When Derek described the choice, I, too, knew the answer.  But I don’t like the characters to always succeed, so I placed the failure in there, then the mind reading, then the success on the second attempt.

I suddenly invented the nicknames.  This was exactly the opposite direction from what I had originally intended, but it was the only thing that was going to be readable.  Besides, I could not imagine them calling each other by those long multi-syllabic names.

Tonathel is obviously Moses in another world.  The idea of Derek now being connected in his mother’s mind as a potential deliverer with religious connotations came to me, and it fit in with Derek’s hopes expressed in the end of the previous book.  I drew those connections forward.

Chapter 21, Hastings 102

Between writing Hastings 101 and now I had given consideration to the ramifications of the fish, and the birds.  Were they sentient?  Were they dangerous?  I started this with little idea how Lauren would resolve those questions, but they did seem the questions she would be asking at this point.

Chapter 22, Slade 50

Originally this section was going to begin with Slade’s recognition that he had to do something to prepare for an escape route.  But as I had planned that opening, I didn’t know what it was going to be, and after talking to Tristan I went back and changed the previous section to start the process of making allies.

The names came out of thin air when I needed them.  I was somewhat torn between having the drunk be part of some connected conspiracy, which I thought helpful but unlikely, and having him wish to hide all sympathies for the priest given the danger of supporting him, which I thought useless though probable.  I tried to find a middle ground on that.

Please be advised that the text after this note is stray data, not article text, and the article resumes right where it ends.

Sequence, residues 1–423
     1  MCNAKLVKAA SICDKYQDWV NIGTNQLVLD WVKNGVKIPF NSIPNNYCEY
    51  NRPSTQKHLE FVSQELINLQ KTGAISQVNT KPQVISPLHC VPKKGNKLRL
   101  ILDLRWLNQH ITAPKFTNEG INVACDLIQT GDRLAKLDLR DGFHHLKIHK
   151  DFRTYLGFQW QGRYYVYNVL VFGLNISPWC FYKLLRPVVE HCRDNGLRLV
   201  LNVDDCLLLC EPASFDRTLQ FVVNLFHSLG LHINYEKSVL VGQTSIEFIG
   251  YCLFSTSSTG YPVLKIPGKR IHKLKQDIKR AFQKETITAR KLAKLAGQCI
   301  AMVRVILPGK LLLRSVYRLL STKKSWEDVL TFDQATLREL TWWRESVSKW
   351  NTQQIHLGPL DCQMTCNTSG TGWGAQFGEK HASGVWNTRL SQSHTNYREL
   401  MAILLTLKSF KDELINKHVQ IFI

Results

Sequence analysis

Before I wrote this section I got Kyler’s input on the same question of preparing for the return.  Where Tristan had suggested speed, facilitated by horses, Kyler suggested stealth.  I had, while asking the boys, considered the possibility that Shella might create the illusion that Phasius was still in his cell; now I had them getting Phasius out of the castle and reaching a place where horses were available to ride from there to the next point, change horses and ride to the end of the valley, where they would have to rest and abandon the horses.  Tristan also suggested that if there were only one road in their direction and they were on it, they would easily block any messenger from getting beyond them to alert troops down the line.  The last leg, up the mountains, would include at least one good hiding, possibly involving invisibility provided by Shella, and a battle in which Slade could defeat a dozen guards.

The only idea I have at this point for Phasius is to run into the abandoned barn and be whisked away.  I don’t even know where he would go.

This has been the second behind the writings look at For Better or Verse.  Assuming that there is interest, I will continue preparing and posting them every eleven chapters, that is, every three weeks.